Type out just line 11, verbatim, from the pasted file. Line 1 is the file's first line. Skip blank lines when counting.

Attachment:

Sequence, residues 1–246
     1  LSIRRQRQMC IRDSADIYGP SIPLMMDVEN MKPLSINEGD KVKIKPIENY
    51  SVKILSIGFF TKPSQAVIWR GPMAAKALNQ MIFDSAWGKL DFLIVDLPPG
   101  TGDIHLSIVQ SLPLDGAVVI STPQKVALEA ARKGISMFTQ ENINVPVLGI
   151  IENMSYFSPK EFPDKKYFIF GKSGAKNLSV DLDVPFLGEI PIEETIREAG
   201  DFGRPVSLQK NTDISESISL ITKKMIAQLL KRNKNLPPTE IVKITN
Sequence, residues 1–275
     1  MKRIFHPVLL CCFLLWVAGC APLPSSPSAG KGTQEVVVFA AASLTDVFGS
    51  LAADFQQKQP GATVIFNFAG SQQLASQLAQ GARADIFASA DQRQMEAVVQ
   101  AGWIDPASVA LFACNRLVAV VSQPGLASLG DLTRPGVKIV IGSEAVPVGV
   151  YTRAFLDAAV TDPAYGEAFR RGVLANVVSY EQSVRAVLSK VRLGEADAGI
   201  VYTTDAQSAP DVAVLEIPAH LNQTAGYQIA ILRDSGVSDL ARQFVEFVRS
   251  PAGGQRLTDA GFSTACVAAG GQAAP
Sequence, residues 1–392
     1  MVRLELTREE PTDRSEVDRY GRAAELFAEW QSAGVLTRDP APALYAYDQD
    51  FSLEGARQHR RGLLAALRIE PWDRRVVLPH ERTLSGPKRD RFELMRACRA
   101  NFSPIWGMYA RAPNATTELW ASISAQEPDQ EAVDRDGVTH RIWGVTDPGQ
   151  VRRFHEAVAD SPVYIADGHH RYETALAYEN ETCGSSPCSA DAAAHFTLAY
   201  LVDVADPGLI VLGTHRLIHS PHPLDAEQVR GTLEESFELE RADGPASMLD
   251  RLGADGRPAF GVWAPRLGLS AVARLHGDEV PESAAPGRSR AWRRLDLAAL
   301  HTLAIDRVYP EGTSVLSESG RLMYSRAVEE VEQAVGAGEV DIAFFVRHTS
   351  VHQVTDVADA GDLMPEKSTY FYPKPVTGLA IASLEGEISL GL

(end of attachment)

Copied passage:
   151  YTRAFLDAAV TDPAYGEAFR RGVLANVVSY EQSVRAVLSK VRLGEADAGI